Microsoft research shows servers with processors one or two models behind the latest versions offer a better price, performance, and power consumption ratio than the newer processors.
The Private Cloud Reference Architecture dictates that the “concept of homogenization of physical infrastructure” be adopted for each Resource Pool. Server specifications (CPU, RAM) may vary between Resource Pools, but this complicates Fabric Management (defined in the Private Cloud Planning Guide for Systems Management), which spans Resource Pools and Capacity Planning, and may necessitate different service classes for each pool.
Delivering IaaS requires that the service is pre-defined and delivered consistently. To achieve consistent performance, the VMs must have equal resources available to them from each server, in other words, the same CPU cycles and RAM. If servers within a Resource Pool do not provide homogeneous performance and RAM, consistent performance cannot be guaranteed.
Absolute homogenization may be hard to maintain over the long term as server models may be discontinued by the vendor; therefore relationships between Resource Pools, Scale Units, and server model longevity must be considered carefully.
The following table lays out some of the benefits and trade-offs of homogeneous and heterogeneous Resource Pools.
In addition, servers should support the following requirements to achieve an automated infrastructure and resiliency:
- Wake On Local Area Network
- Remote BIOS Upgrades/Configurations
- Boot from Flash
- Pre-Boot Execution Environment (PXE) for remote imaging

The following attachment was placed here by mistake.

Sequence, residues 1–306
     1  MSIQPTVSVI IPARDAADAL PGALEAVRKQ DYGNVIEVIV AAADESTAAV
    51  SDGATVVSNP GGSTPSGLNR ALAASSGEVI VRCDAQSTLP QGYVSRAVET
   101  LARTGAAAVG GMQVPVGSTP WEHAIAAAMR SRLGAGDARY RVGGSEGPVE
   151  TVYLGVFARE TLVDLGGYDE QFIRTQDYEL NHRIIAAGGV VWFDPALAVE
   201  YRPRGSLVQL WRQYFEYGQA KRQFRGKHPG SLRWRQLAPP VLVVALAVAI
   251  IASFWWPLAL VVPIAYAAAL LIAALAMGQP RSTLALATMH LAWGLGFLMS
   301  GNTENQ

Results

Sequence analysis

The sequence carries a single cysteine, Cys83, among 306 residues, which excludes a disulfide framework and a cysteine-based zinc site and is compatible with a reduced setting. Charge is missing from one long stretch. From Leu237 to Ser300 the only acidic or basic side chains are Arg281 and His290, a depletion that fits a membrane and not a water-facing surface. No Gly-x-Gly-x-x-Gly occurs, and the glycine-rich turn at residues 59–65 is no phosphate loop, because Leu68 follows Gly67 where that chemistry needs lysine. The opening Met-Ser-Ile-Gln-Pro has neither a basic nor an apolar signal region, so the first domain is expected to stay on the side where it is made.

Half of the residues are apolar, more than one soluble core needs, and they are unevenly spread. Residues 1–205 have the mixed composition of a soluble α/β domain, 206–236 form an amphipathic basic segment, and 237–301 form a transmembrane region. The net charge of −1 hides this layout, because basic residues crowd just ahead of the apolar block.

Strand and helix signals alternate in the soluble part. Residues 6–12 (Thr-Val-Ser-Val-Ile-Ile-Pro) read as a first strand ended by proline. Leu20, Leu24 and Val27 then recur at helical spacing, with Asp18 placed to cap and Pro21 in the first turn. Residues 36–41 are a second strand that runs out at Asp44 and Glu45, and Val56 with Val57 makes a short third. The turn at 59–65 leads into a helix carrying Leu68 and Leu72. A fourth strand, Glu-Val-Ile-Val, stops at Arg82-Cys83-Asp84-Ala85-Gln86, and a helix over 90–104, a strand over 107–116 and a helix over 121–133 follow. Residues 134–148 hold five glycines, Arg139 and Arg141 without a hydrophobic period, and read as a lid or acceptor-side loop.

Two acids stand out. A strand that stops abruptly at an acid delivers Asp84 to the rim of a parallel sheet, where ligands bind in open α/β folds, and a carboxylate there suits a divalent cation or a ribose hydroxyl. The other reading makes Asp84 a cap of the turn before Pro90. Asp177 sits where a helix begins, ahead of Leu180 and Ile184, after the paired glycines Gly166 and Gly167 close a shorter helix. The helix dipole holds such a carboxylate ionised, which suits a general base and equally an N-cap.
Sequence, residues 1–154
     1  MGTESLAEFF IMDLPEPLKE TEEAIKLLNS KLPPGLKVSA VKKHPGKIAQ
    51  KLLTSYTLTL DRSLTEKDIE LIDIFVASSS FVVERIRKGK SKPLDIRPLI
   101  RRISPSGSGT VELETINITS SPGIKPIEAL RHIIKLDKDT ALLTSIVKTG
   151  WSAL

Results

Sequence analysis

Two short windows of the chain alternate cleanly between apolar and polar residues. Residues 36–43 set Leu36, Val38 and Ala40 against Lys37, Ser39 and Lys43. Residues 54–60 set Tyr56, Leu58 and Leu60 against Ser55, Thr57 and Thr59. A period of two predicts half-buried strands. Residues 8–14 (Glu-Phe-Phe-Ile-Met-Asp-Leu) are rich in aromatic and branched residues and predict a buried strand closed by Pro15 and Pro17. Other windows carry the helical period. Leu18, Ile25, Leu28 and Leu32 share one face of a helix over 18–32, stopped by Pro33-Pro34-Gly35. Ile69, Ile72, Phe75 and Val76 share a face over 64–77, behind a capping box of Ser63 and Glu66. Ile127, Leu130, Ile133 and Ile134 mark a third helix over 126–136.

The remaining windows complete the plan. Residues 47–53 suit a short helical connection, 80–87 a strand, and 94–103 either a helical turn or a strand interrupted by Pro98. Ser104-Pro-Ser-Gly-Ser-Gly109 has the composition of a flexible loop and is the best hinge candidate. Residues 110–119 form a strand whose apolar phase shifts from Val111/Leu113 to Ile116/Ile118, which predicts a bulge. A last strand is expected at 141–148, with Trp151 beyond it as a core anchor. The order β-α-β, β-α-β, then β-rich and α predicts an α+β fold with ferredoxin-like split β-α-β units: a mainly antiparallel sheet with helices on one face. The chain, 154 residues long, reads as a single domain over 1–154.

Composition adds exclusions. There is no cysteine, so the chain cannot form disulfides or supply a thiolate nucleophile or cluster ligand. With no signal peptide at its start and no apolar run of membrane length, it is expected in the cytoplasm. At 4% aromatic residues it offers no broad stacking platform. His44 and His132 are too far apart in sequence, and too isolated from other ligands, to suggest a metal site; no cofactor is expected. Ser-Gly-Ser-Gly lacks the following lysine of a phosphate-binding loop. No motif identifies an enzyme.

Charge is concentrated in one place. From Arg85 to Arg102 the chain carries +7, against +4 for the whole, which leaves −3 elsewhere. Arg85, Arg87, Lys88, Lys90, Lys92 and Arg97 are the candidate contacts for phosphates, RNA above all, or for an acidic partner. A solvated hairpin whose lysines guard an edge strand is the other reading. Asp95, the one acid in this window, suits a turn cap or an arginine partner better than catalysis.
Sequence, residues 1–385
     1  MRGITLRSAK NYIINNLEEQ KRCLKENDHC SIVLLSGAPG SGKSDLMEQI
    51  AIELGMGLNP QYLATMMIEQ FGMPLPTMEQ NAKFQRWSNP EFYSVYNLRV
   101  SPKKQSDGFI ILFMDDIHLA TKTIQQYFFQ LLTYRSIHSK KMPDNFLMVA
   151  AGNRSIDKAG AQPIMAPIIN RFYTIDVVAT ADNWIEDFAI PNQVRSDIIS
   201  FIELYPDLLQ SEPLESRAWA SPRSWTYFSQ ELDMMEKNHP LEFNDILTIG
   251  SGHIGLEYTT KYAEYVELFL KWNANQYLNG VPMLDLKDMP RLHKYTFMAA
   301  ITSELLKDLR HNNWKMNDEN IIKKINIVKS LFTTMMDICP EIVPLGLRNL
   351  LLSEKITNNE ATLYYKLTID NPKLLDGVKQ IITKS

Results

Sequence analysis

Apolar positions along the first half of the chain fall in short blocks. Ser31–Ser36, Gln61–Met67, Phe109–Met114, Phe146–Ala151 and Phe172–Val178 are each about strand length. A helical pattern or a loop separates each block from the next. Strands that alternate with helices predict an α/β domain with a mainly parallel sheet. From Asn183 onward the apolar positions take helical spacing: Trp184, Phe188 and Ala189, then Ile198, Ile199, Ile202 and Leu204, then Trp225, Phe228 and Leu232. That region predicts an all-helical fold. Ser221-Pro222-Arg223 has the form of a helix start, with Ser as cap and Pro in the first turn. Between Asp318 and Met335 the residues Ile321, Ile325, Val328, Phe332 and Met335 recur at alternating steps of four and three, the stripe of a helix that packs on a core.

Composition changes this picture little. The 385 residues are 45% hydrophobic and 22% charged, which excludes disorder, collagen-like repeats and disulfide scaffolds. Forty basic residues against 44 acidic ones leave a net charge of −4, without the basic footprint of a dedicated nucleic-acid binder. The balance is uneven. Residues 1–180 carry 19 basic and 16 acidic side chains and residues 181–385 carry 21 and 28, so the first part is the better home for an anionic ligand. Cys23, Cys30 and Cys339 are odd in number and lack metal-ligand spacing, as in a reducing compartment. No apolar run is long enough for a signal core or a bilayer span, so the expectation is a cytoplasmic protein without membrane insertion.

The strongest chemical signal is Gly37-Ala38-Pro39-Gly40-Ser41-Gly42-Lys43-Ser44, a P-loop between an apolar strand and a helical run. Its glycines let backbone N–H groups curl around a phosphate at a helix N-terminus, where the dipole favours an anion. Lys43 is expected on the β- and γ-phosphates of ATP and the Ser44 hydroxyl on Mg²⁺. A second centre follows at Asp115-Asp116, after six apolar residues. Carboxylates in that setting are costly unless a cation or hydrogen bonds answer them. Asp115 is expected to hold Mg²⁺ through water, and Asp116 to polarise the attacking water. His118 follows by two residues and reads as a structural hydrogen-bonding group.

- Virtualization Support
- Data Execution and Prevention
- 64 bit CPUs
- Standard Environment: 2 Network adapters that support TCP offload (TOE)
- Management x 1
- Consumer x 1
- High-Availability Environment: 4 or 6 redundant network adapters that support TOE
- Management x 2: Could be teamed for redundancy
- Live Migration x 2: Could be teamed for redundancy
- Consumer x 2: Could be teamed for resiliency
- Standard Environment: Storage connections that meet the required service classification
- For Internet Small Computer System Interface (iSCSI), 1 x Hardware iSCSI initiators: Could use vendor-specific software to achieve resiliency
- For Fiber Channel, 1 x Fiber Channel host bus adapter (HBA): – Could use vendor-specific software to achieve resiliency
- High-Availability Environment: Redundant storage connections that meet the required service classification
- For iSCSI, 2 x Hardware iSCSI initiators: Could use vendor-specific software to achieve resiliency
- For Fiber Channel, 2x Fiber Channel HBAs: Could use vendor-specific software to achieve resiliency
To dynamically initiate remediation events in case of failure or impending failure of server components, each server is required to display warnings, errors, and state information for the following:
- State (Busy/Ready)
- Error-Correcting Code (ECC) Errors
- Read/Write Failures